California actress directs new show at Quintessence theater

by Frank Burd & Len Lear
Posted 10/20/20

The red-haired actress came to Philadelphia a few years ago because her husband was cast in a play at Quintessence Theatre, and although she now lives in California, Emily Trask has theater …

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California actress directs new show at Quintessence theater


The red-haired actress came to Philadelphia a few years ago because her husband was cast in a play at Quintessence Theatre, and although she now lives in California, Emily Trask has theater connections around the country. Now she is directing “Rutherford & Son,” the first of four live-stream play readings at Quintessence, the professional theater at 7137 Germantown Ave. in Mt. Airy, which began Oct. 12 and continue through Nov. 2. The readings are jointly titled “Shout into the Void.”

Emily is a theater virtuoso with a yard-long of film, theater and TV credits. Her resume begins in Wisconsin, where she grew up, followed by a BA theater degree at Grinnell College in Iowa. Before graduation, she had already worked professionally in theater.

A co-member of the Utah Theatre Festival, Emily went to New York, where she lived and worked extensively. She then got her Masters in Fine Arts at the prestigious Yale School of Drama, the alma mater of Meryl Streep, the most Oscar-nominated actor (16 times) in film history. Emily has also acted at Folger’s Shakespeare in D.C. and Lincoln Center in New York.

In August of 2018, Emily staged a one-night benefit reading of “An Iliad” at Quintessence, with proceeds from the pay-what-you-can performance donated to the American Friends Service Committee. But everything did not always come up roses for her.

“Shortly after I finished graduate school,” she said last week, “I contracted Lyme Disease and didn't catch it until it had become quite advanced. I was living in New York at the time and went through many levels of treatment, including having to be on in-home care and needing a cane to walk. Among many nasty neurological side effects, my legs would stop functioning without much warning — not ideal for a theatre artist!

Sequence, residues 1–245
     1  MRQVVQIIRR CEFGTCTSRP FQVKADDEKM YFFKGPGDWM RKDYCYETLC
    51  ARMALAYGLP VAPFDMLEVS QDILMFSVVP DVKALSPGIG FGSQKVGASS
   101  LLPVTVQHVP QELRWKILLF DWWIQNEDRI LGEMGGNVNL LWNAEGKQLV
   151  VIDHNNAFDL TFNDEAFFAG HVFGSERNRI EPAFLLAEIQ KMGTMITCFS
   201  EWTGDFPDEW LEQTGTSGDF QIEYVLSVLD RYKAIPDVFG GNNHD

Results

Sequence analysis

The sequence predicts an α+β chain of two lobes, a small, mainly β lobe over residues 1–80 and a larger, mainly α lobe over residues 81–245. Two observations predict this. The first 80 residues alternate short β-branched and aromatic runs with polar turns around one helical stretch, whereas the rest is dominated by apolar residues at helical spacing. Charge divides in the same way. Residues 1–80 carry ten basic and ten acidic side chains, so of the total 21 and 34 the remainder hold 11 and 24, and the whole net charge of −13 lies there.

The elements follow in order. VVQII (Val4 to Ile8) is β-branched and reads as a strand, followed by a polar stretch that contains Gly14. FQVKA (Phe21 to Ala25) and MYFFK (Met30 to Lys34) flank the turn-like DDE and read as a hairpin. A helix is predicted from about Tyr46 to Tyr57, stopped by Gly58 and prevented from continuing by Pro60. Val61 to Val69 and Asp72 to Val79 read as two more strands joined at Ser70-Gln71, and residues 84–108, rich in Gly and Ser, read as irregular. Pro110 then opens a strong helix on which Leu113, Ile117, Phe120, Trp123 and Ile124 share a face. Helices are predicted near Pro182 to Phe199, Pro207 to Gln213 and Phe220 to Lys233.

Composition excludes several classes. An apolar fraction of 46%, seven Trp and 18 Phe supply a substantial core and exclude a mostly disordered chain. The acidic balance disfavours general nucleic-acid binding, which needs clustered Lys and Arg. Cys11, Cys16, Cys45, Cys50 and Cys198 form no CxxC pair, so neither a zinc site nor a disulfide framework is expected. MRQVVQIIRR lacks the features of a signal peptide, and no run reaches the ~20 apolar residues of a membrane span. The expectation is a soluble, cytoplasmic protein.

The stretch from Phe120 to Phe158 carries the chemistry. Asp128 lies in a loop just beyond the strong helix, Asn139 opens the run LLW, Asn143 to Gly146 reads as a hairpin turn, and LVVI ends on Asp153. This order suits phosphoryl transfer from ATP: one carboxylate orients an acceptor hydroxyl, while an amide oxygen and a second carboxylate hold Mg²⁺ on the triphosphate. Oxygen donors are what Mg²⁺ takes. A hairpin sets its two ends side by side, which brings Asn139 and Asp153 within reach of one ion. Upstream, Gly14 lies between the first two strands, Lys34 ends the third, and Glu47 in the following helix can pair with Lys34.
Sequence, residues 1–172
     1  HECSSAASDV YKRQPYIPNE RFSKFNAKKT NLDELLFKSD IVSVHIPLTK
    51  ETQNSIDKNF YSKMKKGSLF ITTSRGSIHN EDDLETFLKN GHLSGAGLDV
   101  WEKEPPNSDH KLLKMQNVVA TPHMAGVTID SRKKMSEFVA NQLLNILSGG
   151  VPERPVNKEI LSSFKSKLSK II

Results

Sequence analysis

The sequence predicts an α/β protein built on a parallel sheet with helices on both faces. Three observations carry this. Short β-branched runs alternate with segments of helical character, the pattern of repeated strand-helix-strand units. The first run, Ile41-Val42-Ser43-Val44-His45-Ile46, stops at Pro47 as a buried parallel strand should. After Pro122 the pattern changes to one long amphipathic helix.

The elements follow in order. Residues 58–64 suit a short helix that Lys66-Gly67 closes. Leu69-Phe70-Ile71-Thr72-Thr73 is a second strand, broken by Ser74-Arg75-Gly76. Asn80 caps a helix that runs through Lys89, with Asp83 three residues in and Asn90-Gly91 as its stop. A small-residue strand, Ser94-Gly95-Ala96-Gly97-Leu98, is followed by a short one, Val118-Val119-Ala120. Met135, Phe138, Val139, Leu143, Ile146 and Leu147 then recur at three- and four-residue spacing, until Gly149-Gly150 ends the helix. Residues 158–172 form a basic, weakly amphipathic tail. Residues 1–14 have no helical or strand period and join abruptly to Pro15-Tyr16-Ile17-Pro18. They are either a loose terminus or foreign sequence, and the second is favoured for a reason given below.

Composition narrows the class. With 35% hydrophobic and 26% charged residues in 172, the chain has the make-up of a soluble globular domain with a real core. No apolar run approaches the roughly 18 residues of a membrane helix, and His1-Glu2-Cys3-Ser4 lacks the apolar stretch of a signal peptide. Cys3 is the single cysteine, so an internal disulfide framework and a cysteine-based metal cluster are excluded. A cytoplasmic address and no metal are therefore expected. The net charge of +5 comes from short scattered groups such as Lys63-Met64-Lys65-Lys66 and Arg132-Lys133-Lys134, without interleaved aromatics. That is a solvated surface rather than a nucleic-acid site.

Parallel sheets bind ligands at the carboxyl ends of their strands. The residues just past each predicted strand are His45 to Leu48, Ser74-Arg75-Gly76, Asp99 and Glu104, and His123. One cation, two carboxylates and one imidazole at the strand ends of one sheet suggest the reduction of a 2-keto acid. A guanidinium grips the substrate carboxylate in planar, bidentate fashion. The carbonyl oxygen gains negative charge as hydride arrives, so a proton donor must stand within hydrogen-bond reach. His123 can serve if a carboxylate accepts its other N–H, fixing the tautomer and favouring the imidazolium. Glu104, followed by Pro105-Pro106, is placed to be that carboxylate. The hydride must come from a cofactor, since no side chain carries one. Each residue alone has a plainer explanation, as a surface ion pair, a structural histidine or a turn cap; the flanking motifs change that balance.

“I still pushed myself to get on the subway and take voice lessons, still went to the auditions, wrote and stayed connected to the art I loved. Also, as an Equity actor, my health insurance was tied to whether I was working as an actor — a hard Catch-22. I was lucky enough to be employed during this health battle that lasted almost five years. Performing with Lyme Disease is the hardest thing I have ever done as an actor, and it's also given me invaluable perspective and gratitude ... I am incredibly grateful to say that as of two years ago, I am Lyme-free.”

While Emily's husband, Michael Brusasco, was acting in the Quintessence production of “The Three Musketeers,” they fell in love with Philadelphia, with Quintessence and with biscuits at the High Point Cafe. They moved to Mt. Airy to do more with Quintessence, but the Pacific Conservatory of the Performing Arts (PCPA) offered her a position, so they moved to California. She acts, directs and teaches at the college there.

However, Emily pointed out, “The pandemic has profoundly affected my work as a theater artist and educator. Theater, in its essence, is the gathering of people in a shared space to tell and experience a story. Social-distancing is the opposite of what we usually strive for. So without that ability to 'gather,' we've had to think outside that box. Luckily, that's one thing creative artists are good at, so I'm delighted that Quintessence and other theaters and arts organizations are playing on new platforms … In fact, the confines of a computer screen lend themselves almost perfectly to the claustrophobia and pressurization that the characters in 'Rutherford & Son' are dealing with.”

Written by Githa Sowerby, the play is a study of class and gender politics over 100 years ago in an industrial town north of London. It is a sharp critique of the patriarchal industrial system in Northern England then. Popular in its day (written in 1912), it disappeared, as did many plays by women playwrights, but it was named one of the “100 plays of the century” by the Royal National Theatre.

“Rutherford & Son” will be read/performed by eight actors. A play reading is not typical fare for theater audiences, but these are not typical times.

The titles of the other plays in the series will be announced on a rolling basis. Scheduled to be presented during the run-up to this year’s election, each reading will feature an enduring classic that explores power, politics and prejudice in ways that provide contemporary insight. Each reading streams live Monday at 7 p.m., and ticket holders will have access to the recording through that Friday at 10 p.m., so audiences can watch when they want to!

More details at or 215-987-4450. More about Trask at


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